Tuesday, 16 September 2014
Last updated 28 min ago
Apr 29 2011 | 1:22pm ET
The jury in the Raj Rajaratnam insider-trading case deliberated for another seven-and-a-half hours yesterday without delivering a verdict.
In contrast to the first three days of deliberations, the panel did not ask for any exhibits or to hear any of the wiretaps at the center of the case replayed. The seven women and five men were to return to court today for as much as three hours of deliberation before breaking for the weekend.
With no news from the jury room, reporters covering the case instead looked to the Galleon Group founder's lead attorney, John Dowd, to pass the time.
Dowd regaled the assembled journalists with stories of some of the trials he's worked on during his long career. At one point, discussing a trial at the old U.S. courthouse next door to the one hosting the Rajaratnam trial, the 70-year-old Dowd asked his chief adversary, 41-year-old prosecutor Reed Brodsky, "Were you even alive then?"
Dowd also explained his decision not to put Rajaratnam, who faces decades in prison if convicted, on the stand.
"There's no sense giving these guys any oxygen to retry their case," he said, referring to prosecutors who could have used a cross-examination of the defendant to hammer home its case.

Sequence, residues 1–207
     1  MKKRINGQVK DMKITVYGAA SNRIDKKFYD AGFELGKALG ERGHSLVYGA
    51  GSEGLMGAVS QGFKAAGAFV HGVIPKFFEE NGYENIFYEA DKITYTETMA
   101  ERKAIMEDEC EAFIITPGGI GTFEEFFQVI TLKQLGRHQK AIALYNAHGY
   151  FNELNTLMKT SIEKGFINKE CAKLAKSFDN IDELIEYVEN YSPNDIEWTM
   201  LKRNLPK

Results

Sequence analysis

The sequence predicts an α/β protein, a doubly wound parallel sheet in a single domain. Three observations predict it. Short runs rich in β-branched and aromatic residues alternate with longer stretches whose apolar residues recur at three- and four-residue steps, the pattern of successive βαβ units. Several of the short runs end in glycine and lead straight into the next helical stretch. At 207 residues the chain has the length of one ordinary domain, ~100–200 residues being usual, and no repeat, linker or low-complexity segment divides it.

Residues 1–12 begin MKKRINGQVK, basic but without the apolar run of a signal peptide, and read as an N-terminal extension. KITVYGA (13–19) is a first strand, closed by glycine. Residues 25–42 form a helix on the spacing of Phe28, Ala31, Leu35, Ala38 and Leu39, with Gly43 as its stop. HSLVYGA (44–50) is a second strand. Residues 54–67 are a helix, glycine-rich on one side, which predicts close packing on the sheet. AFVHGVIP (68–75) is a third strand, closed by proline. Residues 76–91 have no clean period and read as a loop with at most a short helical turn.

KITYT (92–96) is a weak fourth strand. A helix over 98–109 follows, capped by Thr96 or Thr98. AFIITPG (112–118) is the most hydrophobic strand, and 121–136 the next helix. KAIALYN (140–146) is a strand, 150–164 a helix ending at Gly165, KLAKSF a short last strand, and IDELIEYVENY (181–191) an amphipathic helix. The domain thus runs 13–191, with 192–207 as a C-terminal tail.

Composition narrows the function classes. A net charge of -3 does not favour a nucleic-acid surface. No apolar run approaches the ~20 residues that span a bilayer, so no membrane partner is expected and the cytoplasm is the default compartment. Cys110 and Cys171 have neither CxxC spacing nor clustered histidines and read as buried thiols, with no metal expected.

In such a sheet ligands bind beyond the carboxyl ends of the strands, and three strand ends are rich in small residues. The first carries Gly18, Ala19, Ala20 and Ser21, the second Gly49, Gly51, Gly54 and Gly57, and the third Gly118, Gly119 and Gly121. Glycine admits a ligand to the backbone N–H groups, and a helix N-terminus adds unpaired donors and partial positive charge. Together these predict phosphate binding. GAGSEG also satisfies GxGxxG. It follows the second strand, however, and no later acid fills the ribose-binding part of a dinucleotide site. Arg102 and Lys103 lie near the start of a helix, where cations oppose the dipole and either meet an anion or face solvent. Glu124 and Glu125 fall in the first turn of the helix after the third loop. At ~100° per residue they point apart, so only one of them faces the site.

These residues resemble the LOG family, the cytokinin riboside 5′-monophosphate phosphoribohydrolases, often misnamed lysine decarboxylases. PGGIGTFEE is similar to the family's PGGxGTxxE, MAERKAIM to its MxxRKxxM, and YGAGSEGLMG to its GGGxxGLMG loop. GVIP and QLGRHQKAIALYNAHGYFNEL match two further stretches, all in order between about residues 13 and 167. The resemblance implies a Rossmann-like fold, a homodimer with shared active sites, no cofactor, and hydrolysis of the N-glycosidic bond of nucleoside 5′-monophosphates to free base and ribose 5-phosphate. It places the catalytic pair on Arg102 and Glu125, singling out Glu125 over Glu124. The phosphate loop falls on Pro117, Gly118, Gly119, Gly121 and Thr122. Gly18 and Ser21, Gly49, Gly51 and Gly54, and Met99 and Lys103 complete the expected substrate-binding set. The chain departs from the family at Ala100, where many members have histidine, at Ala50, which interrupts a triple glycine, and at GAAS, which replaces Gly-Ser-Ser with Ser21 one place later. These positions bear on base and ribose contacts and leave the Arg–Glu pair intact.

Dowd also lauded his client, saying that "Raj was a huge resource."
Dowd, who last week said the Rajaratnam trial would be his last, told reporters that "no one is sleeping" and that "it will take me six months to recover from this." Dowd has been working on the case for a year-and-a-half, and said he'd vacation in Cape Cod after the verdict comes down.
Aug 25 2014 | 11:21am ET
As many of you know, FINalternatives was recently acquired by the owners of Futures magazine, a firm called The Alpha Pages LLC. Today marks the soft-launch of a new sister site for both publications. As its name suggests, The Alpha Pages will cover all types of alternative investments, going far beyond the more well-known ones such as hedge funds and private equity. Read more…
The Federal Reserve keeps baby-stepping toward a “normalization” of monetary policy. But just what is normal?